Since 2012, he has worked for Kawasaki Heavy Industries, Ltd., Akashi, Hyogo, Japan.  He is engaged in the development and analysis of microgrids, renewable energy system, energy storage systems, co-generation system, power electronics system connected to grids, and power supply systems for ships and aircraft. His research interests are in the area of power electronics and power systems.

Dr. Sakimoto is a member of IEEE.

About the author

Hassan Bevrani received PhD degree in electrical engineering from Osaka University in 2004. He is a full professor, the Program Leader of Micro/Smart Grids Research Center (SMGRC), and Vice Chancellor for Research at the University of Kurdistan. Over the years, he has worked with Osaka University, Kumamoto University, Queensland University of Technology (Australia), Kyushu Institute of Technology, Centrale Lille (France), and Technical University of Berlin (Germany).

He is the author of 6 international books, 15 book chapters, and more than 300 journal/conference papers. Prof. Bevrani is a senior member of IEEE and he was the gust editor of three volumes of Elsevier Energy Procedia. His current research interests include Smart grid operation and control, power system stability, Microgrid dynamics and control, and Intelligent/robust control applications in power electric industry.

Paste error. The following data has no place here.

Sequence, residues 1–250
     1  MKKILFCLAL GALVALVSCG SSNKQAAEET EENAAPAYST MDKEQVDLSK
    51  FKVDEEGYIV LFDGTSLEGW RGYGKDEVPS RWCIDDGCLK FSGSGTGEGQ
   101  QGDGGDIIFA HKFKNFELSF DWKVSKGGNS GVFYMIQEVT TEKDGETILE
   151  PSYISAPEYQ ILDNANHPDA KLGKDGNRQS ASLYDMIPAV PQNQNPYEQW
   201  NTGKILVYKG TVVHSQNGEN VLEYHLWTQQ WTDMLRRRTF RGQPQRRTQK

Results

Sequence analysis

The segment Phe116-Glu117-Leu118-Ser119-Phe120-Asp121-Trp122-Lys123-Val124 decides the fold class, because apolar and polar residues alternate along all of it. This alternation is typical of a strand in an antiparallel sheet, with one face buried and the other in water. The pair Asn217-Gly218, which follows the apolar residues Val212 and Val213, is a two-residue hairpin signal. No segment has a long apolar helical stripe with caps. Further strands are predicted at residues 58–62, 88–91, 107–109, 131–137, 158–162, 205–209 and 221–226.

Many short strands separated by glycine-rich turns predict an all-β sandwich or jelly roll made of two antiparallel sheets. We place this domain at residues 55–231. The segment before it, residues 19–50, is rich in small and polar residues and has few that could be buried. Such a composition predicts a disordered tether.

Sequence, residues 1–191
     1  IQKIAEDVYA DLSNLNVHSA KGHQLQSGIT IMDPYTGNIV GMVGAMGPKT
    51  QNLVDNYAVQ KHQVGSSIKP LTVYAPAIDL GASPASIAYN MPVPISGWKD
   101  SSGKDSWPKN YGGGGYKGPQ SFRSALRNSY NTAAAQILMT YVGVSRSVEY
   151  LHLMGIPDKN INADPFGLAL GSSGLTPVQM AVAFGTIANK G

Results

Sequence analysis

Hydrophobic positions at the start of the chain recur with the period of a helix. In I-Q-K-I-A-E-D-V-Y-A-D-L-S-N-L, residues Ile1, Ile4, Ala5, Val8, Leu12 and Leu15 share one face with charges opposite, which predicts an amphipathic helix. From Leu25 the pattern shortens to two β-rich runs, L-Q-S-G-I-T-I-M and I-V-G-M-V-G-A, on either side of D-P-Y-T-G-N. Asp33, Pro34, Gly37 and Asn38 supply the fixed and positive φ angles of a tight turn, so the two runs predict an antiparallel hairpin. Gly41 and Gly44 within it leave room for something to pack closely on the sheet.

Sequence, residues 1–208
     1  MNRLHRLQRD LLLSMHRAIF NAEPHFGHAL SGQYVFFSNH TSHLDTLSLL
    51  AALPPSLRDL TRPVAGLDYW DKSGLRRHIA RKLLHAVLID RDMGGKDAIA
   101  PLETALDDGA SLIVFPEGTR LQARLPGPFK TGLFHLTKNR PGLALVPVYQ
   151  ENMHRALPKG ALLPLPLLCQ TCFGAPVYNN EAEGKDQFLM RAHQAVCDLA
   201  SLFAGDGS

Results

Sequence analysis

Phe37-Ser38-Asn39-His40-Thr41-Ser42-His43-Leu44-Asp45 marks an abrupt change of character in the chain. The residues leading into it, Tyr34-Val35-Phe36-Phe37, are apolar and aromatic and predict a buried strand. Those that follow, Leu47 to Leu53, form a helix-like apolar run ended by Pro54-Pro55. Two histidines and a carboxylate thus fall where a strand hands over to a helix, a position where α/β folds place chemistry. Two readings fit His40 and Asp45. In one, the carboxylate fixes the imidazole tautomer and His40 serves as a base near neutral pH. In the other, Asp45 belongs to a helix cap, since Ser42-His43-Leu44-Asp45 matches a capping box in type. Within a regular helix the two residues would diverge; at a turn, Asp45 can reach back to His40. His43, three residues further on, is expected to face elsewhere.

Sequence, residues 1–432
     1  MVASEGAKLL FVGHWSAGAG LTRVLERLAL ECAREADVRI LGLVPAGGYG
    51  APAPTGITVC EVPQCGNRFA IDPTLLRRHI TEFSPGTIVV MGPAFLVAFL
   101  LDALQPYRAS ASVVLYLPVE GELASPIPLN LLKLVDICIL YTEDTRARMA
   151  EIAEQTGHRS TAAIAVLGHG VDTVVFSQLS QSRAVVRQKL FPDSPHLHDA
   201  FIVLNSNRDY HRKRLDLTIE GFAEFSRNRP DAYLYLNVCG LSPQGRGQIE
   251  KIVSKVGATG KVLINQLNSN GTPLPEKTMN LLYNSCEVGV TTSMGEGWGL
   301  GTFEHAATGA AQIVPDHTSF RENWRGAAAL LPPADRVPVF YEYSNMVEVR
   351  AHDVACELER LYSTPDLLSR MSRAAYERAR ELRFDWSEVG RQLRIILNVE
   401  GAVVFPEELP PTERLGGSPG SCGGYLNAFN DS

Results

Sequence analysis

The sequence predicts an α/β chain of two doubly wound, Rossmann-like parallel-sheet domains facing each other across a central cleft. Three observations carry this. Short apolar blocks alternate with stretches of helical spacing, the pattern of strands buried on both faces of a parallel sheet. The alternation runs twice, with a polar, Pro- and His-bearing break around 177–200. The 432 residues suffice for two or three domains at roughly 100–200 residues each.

About the author

Toshifumi Ise was born in 1957. He received his Ba.Eng., M.Eng., and Ph.D. degrees in electrical engineering from Osaka University, Osaka, Japan, in 1980, 1982, and 1986, respectively.

From 1986 to 1990, he was with the Nara National college of Technology, Nara, Japan. Since 1990, he had been with the Faculty of Engineering and Graduate School of Engineering, Osaka University, Osaka, Japan and was a professor from August 2002 to March, 2018. He is currently a professor emeritus of Osaka University and a trustee of NARA-GAKUEN Incorporated Educational Institution. His research interests are in the area of power electronics and applied superconductivity for power systems including many distributed generations such as microgrids, virtual synchronous generator.

Prof. Ise is a member of IEEE and he is a Fellow of the Institute of Electrical Engineers of Japan (IEEJ).

Reference

Yuko Hirase, Kensho Abe, Kazushige Sugimoto, Kenichi Sakimoto, Hassan Bevrani, and Toshifumi Ise. A novel control approach for virtual synchronous generators to suppress frequency and voltage fluctuations in microgrids. Applied Energy, Volume 210 (2018), Pages 699-710.